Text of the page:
Know how your local court are treating privacy and proportionality as there are concerns that can outweigh the traditional approach to discovery.
- A recent case out of the Southern District of Indiana offers an illustrative example of In Crabtree v. Angie’s List Inc., No. 1:16-cv-00877-SEB-MJD,2107 BL 28193 (S.D. Ind. Jan. 31, 2017), U.S. Magistrate Judge Mark J. Dinsmore denied defendant Angie’s List’s motion to compel production of data from employees’ personal cell phones.
- Angie’s List, facing an FLSA lawsuit from senior sales representatives who alleged they worked 10-to-12-hour days but were paid only for eight, sought GPS information from the sales representatives’ phones. That information, Angie’s List asserted, would show whether the plaintiffs had left for the day or taken unpaid breaks, even when signed into their work Salesforce accounts. The information could then create a more accurate depiction of their work hours. To support its motion to compel, Angie’s List marshaled several cases in which parties were able to obtain similar discovery into personal devices or GPS data.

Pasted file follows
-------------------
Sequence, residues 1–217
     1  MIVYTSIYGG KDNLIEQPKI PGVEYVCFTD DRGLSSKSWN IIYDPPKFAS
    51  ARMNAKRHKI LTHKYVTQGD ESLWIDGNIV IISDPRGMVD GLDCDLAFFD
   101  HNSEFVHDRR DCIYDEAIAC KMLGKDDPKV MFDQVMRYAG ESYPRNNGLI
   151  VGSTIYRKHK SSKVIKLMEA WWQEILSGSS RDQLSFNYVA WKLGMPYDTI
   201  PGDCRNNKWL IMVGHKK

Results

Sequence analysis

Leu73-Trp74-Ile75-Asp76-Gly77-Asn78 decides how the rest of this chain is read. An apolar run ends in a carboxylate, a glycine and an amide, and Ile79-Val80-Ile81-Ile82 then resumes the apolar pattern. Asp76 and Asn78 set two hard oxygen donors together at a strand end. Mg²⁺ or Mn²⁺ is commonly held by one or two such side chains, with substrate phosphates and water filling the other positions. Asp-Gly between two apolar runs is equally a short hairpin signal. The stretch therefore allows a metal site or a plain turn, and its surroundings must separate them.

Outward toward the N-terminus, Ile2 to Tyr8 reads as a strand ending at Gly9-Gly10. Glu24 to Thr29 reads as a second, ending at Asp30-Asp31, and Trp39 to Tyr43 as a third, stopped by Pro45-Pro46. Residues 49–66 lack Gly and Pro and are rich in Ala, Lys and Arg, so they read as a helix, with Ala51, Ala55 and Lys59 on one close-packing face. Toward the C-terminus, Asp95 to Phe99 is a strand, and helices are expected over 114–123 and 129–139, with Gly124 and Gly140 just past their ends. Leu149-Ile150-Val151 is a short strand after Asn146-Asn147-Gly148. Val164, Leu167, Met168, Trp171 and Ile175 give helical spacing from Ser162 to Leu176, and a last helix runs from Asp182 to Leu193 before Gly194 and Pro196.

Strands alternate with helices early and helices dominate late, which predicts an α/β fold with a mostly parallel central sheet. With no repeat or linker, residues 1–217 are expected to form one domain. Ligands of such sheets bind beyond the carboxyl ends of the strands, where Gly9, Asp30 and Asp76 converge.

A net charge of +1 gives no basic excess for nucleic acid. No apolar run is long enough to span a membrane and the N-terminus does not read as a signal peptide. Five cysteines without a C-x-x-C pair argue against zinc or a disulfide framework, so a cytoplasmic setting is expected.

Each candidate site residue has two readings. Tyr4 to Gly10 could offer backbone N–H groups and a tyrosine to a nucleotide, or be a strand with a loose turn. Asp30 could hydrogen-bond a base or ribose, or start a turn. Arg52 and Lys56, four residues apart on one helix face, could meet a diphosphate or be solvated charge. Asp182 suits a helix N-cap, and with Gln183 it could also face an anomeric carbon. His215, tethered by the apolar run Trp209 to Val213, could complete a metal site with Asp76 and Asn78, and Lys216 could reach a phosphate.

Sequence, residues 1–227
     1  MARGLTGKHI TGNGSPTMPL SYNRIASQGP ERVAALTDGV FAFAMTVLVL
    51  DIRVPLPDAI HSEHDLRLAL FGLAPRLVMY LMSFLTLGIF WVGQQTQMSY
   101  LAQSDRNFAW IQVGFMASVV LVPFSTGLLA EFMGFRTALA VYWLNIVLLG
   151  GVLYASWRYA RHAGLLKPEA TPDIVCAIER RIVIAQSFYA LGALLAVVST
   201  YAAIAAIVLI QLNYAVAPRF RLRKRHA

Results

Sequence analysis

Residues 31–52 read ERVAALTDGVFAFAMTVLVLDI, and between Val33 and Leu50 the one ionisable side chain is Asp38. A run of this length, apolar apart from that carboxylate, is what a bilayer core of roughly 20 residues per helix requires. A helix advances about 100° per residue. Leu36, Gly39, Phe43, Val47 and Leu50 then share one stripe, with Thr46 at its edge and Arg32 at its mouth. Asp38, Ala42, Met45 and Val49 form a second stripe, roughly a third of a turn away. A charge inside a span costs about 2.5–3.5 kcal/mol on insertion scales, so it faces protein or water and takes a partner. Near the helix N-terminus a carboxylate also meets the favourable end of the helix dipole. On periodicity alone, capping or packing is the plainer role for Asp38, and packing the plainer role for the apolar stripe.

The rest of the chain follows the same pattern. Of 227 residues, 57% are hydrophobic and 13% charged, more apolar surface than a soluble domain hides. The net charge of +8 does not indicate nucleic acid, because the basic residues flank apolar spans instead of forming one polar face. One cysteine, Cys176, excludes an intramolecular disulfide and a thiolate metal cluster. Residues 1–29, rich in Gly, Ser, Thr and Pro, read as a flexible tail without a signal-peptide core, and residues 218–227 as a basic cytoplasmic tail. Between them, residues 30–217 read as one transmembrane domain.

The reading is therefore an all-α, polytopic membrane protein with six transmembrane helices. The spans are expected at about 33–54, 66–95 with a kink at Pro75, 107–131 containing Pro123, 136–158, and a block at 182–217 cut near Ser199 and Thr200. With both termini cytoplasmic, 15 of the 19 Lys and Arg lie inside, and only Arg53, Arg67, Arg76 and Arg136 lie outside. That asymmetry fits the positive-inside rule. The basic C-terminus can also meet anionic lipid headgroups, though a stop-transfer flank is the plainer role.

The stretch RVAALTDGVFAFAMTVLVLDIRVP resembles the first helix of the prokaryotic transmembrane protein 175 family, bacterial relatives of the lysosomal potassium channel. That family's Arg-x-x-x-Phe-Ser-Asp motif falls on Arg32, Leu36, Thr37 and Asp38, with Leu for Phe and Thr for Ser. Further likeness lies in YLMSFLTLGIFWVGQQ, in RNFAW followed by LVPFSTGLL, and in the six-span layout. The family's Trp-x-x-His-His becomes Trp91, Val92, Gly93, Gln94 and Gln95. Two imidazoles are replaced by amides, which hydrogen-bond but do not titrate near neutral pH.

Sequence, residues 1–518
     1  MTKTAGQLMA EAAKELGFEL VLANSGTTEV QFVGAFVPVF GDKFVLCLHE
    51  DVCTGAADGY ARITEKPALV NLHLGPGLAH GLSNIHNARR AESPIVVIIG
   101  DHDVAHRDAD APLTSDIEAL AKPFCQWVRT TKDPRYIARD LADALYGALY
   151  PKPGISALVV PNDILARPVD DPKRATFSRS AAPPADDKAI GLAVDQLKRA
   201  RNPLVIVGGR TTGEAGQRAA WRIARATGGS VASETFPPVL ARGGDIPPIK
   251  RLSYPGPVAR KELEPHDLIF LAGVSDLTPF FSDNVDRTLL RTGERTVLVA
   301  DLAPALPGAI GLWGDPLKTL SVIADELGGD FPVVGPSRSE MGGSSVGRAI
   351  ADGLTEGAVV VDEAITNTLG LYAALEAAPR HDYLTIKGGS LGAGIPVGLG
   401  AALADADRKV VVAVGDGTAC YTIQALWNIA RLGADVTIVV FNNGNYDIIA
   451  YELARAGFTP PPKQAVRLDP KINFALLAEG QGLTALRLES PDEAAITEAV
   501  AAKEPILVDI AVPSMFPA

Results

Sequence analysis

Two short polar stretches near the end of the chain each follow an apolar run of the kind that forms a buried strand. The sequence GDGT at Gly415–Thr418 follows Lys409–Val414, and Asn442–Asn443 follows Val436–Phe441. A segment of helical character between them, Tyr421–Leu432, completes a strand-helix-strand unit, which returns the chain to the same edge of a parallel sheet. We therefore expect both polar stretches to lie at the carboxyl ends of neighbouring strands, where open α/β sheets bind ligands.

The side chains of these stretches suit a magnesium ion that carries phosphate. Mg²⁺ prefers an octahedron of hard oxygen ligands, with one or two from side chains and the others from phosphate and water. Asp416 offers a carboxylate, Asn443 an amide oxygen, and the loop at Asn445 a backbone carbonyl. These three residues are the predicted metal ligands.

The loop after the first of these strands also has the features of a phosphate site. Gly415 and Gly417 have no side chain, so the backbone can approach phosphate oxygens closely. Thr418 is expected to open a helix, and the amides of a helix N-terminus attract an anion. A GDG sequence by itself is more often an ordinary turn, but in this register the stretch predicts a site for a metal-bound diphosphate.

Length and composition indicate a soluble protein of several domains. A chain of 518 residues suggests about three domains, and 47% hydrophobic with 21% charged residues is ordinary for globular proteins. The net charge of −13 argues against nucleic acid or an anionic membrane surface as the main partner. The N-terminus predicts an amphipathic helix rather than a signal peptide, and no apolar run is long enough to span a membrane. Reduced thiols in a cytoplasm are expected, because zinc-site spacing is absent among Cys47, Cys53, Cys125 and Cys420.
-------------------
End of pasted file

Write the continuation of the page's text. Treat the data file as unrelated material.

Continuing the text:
- The court wasn’t convinced. Angie’s List was “overlooking a clear distinction,” the court explained: “Plaintiffs’ privacy interests.” The GPS data was particularly sensitive, the court explained, as it “would track Plaintiffs’ locations at every moment of the day for a year.” Further, similar information sought by the defendant was available from less expensive, less burdensome, and more convenient sources, from sources such as badge swipe data and work computer login data.
- Since Angie’s List had not demonstrated that GPS data would be more probative than other forms of data already in its possession, the court concluded, “the forensic examination of Plaintiffs' electronic devices is not proportional to the needs of the case because any benefit the data might provide is outweighed by Plaintiffs' significant privacy and confidentiality interests.”